SURPRISE, Ariz. -- Royals catcher Salvador Perez is not worried about getting behind the plate during Spring Training. He knows how many Cactus League games he needs to catch before he’s ready for Opening Day next month.
“None,” said Perez, who has not caught a game since Sept. 26, 2018, at Cincinnati. “I’m ready for the season right now.”
The confident Perez will make his highly anticipated Cactus League debut behind the plate Friday against the Giants at Surprise Stadium. He missed the entire 2019 season after undergoing Tommy John surgery on his injured right elbow last March.
“To me, if he could have been ready by the last week [of Spring Training], we would have been fine,” Royals manager Mike Matheny said. “He came into Spring Training significantly ahead of every catcher here as far as throwing because of the progression of where he was in his throwing program.”
Perez was originally scheduled to catch Thursday against the Brewers, but the club decided to give him one more day to let the swelling from a recent dental procedure subside. Instead, he was in the lineup at designated hitter, his third appearance at DH this spring. Perez has also played one game at first base this spring.
While it’s impossible to predict so early in spring, the Royals expect Perez to have a normal workload behind the plate in 2020. He caught a career-high 146 games in 2014 and most recently caught 115 games in 2017. He’s averaged close to 110 games at catcher per season in his career.
Perez has also made 57 starts at designated hitter in his career with three appearances at first base -- all in 2018 -- in his career.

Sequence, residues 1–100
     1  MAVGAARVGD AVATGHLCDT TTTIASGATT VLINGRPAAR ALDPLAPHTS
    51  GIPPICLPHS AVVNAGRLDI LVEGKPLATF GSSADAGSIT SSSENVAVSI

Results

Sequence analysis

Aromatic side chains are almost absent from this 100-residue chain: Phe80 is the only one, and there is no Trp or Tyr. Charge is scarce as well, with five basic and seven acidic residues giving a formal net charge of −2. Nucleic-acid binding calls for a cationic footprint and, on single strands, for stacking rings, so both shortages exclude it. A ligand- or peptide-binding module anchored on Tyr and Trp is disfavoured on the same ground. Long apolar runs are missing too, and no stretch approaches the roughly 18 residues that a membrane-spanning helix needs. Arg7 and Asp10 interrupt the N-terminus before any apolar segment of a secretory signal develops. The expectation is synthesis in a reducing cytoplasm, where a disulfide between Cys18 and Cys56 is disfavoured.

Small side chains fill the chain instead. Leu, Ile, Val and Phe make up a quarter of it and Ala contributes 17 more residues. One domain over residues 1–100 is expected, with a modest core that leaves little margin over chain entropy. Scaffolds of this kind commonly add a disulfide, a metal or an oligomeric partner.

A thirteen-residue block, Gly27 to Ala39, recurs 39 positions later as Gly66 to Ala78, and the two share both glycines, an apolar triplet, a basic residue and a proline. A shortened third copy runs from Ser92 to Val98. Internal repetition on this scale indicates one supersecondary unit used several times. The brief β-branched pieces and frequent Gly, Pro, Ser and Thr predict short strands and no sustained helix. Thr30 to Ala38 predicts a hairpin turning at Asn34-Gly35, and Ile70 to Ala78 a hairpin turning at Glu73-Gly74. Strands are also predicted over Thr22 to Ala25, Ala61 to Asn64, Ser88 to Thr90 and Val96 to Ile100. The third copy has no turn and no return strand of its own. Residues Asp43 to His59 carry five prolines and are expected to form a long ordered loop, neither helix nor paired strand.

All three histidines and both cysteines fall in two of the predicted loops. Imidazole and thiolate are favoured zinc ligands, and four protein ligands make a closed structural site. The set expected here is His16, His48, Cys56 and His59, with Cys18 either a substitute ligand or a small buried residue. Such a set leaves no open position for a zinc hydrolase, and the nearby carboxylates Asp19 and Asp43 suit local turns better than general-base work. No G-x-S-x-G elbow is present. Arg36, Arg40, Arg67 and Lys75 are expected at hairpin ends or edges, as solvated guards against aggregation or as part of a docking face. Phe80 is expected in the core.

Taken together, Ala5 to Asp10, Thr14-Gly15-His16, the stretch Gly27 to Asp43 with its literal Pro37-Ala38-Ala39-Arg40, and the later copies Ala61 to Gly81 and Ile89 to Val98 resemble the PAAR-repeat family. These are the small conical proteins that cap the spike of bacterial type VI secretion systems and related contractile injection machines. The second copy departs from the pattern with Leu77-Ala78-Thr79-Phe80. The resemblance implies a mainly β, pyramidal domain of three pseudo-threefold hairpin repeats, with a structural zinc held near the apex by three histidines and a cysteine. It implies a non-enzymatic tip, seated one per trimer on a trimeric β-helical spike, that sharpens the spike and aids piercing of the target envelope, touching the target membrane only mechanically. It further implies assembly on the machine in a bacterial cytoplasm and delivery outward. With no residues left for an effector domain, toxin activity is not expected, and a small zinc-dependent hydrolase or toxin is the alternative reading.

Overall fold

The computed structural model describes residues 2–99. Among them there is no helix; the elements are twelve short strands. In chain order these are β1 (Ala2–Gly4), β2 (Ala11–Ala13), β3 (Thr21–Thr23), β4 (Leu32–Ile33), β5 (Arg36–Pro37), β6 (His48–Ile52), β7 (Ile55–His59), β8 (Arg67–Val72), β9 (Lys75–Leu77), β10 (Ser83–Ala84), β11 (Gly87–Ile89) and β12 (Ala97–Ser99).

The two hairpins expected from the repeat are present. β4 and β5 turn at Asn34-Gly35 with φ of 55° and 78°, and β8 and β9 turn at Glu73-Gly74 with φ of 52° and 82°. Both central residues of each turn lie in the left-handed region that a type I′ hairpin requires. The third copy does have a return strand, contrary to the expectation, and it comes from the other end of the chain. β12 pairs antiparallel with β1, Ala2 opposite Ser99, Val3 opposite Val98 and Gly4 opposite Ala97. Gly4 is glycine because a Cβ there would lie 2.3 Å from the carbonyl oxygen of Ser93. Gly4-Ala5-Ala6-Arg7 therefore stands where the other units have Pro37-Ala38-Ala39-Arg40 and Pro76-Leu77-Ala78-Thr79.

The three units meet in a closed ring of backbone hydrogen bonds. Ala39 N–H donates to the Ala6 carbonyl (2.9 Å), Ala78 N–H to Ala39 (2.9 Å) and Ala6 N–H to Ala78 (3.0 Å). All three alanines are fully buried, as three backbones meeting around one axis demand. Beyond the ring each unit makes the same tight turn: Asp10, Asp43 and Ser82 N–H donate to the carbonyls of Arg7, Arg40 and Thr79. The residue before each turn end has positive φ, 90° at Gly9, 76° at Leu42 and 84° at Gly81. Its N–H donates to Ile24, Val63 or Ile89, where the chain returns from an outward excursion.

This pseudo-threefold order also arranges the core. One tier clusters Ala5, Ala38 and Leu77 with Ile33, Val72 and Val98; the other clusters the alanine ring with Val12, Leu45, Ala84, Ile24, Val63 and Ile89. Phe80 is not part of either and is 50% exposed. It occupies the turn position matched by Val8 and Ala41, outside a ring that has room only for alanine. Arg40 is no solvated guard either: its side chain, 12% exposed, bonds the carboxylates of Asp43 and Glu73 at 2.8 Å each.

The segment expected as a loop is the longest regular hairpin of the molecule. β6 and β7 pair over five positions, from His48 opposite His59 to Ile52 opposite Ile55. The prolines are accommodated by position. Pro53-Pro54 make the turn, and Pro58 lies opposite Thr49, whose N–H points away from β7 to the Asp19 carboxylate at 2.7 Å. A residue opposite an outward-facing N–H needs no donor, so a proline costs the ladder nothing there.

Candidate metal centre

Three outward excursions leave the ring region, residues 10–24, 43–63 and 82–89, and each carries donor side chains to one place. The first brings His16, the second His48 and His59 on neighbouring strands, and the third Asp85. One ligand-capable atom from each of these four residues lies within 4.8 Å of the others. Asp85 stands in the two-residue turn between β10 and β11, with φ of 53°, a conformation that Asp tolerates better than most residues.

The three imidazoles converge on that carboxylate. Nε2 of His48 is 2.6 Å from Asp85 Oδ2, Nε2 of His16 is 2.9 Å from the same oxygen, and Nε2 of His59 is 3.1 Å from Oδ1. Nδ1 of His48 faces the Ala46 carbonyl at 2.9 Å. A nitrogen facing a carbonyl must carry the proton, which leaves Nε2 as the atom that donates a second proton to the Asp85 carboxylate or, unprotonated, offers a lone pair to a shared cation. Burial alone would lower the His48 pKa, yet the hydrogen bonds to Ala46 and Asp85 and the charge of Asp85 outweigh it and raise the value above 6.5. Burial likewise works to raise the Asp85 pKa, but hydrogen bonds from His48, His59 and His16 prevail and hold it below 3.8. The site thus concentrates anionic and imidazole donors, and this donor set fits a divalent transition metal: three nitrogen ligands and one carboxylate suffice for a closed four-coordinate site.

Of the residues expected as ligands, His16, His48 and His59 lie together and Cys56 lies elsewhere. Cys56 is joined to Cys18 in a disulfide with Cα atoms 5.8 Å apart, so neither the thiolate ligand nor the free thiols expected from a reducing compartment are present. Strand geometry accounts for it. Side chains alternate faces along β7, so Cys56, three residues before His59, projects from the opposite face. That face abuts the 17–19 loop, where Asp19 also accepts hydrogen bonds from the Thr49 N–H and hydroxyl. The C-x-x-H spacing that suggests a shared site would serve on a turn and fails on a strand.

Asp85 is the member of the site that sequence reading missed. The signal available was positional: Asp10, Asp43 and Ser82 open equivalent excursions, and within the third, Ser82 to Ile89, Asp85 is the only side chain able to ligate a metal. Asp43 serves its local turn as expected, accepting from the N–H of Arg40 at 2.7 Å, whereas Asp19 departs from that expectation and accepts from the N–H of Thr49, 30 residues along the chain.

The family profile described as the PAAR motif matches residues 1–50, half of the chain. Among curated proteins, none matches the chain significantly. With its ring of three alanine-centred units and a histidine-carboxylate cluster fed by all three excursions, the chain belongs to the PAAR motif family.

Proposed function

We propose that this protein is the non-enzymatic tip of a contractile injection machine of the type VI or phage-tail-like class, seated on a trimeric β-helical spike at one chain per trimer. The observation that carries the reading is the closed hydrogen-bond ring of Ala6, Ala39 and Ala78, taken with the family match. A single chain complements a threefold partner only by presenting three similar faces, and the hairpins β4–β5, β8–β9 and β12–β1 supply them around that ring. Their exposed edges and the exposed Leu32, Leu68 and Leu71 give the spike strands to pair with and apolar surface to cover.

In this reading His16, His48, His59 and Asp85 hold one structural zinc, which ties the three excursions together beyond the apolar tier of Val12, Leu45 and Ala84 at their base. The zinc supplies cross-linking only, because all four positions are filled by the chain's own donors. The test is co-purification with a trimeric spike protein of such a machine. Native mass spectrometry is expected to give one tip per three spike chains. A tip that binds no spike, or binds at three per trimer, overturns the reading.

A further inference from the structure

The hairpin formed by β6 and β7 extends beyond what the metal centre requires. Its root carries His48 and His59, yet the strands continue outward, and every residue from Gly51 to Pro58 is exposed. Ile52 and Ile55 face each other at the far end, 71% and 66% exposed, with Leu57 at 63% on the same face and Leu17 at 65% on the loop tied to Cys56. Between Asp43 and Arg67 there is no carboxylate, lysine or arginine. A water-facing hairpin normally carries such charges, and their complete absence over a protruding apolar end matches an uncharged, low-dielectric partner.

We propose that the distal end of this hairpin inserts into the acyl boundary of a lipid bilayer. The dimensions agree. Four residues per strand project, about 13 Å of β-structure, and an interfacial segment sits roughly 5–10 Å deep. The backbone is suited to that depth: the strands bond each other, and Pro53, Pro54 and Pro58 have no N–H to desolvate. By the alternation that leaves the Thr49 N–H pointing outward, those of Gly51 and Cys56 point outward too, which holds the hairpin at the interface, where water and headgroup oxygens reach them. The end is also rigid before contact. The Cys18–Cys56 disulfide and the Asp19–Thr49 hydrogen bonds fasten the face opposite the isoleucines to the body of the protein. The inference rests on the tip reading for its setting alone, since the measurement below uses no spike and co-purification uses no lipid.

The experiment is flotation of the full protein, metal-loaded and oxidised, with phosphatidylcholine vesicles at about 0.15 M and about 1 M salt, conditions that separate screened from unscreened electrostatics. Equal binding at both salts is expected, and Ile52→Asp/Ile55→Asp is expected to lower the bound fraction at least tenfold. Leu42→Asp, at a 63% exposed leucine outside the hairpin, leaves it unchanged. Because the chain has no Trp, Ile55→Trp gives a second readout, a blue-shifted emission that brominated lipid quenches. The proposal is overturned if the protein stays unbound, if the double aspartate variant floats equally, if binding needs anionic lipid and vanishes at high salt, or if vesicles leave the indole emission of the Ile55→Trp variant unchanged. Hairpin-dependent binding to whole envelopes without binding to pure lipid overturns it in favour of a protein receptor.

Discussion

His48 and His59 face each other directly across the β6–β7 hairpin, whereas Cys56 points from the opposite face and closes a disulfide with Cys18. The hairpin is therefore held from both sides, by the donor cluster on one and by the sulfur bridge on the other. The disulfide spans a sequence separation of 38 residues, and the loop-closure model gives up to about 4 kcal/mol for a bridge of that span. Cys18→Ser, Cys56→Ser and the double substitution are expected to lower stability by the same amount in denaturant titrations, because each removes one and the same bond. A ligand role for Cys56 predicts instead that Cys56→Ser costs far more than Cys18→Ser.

“We are talking about how to keep his bat in the mix. Some days give his legs a break so he can [cut] down the risk of anything that might end up affecting him,” Matheny said. “But as long as his body is responding well and he’s working like he is and he feels good, [he'll be in the lineup]. On the days we need to give him a break, we will probably want him in that lineup if he’s swinging it well. There are days he’s just going to need to be shut down, but for the most part, if he feels good, he will play.”
Ultimately, the team’s goal is to keep Perez on the field as much as possible. They’ll monitor the workload on his arm and how his body is responding to the grind of the season. In that way, it’s a similar approach clubs across the league have with their own catchers.
The only difference in Kansas City is that Perez could have a few more scheduled days off behind the plate in 2020.
“He will fight it,” Matheny said. “I know for that position, if you are preparing to just go, you will be ready, and you go as many as you can. It just comes down to earning his trust and knowing that we are trying to do what’s best for the team and what’s best for him.”